What You Need to Know Before Transferring Your Dog to the Annual Heartworm Vaccination

Heartworm is a potentially fatal disease that requires extensive treatment – consider taking multiple medications and at least two months of complete rest – which is why veterinarians and dog owners are working so hard to prevent it. The most common preventive treatment is oral or topical medication once a month, but recently veterinarians in the United States have begun offering heartworm shots that last six or 12 months.

The biggest difference between heartworm shots and other heartworm medications is what antiparasitic medications they use. ProHeart injections use moxidectin and are available in six or 12 month form; many topical medicines (Advantage Multi and Advocate) also use moxidectin. The popular HeartGard chewable tablet uses either ivermectin or a combination of ivermectin and pyrantel. All of these medications are FDA approved and effective, so the choice comes down to which format works best for you and your dog. Here are the pros and cons of going shot.

Pros: convenience and price.

A heartworm shot once or twice a year may be more convenient than monthly doses. If they don’t get boosted at one appointment, your dog can get the booster shot as part of the check-up, and you don’t need to worry about it until the next. (Your veterinarian may decide it’s safe to do future heartworm shots and boosters, but until they know how your dog will respond, it’s best to distribute them.)

As you might expect, the cost of a heartworm shot depends on the size of your dog and how much your veterinarian charges for it. (Large doses for large dogs cost more than smaller doses for small dogs, plus visit fees and labor costs.) But while the shots are more expensive than oral and topical medications, the drugs themselves cost about the same. in year.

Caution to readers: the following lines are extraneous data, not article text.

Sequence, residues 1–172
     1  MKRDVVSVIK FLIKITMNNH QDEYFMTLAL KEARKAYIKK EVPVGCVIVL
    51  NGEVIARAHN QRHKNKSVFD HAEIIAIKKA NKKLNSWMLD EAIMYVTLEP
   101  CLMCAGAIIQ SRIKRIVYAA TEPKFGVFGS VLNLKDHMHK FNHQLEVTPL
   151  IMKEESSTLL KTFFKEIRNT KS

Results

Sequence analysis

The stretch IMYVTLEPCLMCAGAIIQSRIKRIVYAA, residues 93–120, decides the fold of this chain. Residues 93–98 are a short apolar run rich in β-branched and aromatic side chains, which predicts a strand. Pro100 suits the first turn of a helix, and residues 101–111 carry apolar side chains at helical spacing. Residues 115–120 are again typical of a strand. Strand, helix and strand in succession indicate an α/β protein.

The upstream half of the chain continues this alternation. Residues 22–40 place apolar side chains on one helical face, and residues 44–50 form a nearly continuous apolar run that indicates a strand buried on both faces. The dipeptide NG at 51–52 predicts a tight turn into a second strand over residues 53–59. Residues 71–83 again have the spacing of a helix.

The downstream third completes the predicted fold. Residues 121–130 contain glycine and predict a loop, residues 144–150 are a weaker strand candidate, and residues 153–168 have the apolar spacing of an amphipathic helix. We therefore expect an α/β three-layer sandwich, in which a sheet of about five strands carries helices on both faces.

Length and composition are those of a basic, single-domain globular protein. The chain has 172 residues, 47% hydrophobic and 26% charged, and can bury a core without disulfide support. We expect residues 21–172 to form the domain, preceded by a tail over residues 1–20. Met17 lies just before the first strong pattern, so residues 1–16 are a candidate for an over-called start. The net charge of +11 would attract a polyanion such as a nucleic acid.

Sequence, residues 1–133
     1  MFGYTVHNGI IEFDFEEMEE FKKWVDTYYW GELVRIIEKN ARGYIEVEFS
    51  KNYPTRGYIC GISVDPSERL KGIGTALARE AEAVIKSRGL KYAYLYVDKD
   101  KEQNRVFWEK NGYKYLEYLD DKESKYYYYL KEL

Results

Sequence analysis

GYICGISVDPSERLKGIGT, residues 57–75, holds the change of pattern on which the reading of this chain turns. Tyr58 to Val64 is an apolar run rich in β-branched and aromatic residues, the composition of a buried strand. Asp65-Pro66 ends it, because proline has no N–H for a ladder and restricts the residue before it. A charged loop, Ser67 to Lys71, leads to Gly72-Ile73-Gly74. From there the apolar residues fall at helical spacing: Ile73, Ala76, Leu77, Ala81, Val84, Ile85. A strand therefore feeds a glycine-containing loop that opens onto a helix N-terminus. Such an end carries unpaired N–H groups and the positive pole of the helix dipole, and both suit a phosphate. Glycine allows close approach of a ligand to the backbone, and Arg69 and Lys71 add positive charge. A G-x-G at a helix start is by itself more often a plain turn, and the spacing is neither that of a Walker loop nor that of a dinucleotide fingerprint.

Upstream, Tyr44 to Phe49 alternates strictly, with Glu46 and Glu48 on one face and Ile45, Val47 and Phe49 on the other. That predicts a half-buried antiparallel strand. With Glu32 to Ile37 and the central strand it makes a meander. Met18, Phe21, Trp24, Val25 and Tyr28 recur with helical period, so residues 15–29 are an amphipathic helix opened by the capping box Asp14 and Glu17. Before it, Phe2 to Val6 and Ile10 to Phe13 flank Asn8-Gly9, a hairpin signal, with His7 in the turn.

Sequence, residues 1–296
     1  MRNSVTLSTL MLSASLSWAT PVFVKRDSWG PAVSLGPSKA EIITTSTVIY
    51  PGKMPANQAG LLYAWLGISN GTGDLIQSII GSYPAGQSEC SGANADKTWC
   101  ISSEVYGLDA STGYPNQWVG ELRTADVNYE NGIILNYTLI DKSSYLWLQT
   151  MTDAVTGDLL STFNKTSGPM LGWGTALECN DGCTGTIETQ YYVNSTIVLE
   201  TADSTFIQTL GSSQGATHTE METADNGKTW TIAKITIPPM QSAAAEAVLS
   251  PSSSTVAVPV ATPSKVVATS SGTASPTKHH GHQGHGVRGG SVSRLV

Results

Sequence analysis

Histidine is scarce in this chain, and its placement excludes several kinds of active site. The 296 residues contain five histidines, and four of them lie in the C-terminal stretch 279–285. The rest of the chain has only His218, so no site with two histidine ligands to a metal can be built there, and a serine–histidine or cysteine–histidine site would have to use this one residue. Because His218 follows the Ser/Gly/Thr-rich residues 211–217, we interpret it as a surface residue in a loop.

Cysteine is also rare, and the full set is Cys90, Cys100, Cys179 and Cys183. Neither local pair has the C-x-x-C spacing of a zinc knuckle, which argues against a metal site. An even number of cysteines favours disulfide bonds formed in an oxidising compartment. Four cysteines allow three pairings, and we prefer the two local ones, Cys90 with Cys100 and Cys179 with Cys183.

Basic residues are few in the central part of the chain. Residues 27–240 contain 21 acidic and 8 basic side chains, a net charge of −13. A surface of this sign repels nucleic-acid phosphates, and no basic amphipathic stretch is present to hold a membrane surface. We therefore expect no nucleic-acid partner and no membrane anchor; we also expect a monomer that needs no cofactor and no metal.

Bad: They can’t be made at home, and there is no protection against other worms.

Heartworm vaccinations must be done by a qualified veterinarian or technician, so you cannot do them yourself. If you are already paying for the examination, there is nothing to worry about; if you need to prescribe one just for a shot, it may be more expensive than necessary.

The last drawback of injections is potentially the biggest: unlike some other antiparasitic drugs, moxidectin only protects against the heartworm. Although heartworm disease is more dangerous than other types of parasitic infections, it is not the only one . Hookworms can cause severe anemia ; tapeworms can cause weight loss and diarrhea ; Roundworms can stunt a dog’s growth , making them especially dangerous for puppies. Depending on your dog’s risk factors for non-heartworm infections, your veterinarian may recommend a combination medication that protects against more than one parasite.

There is no universally right or wrong choice here. Heartworm shots are ideal for many dogs, but not all. If you are considering changing your medication, talk to your veterinarian first – they will give you the personalized advice you need to make a decision.

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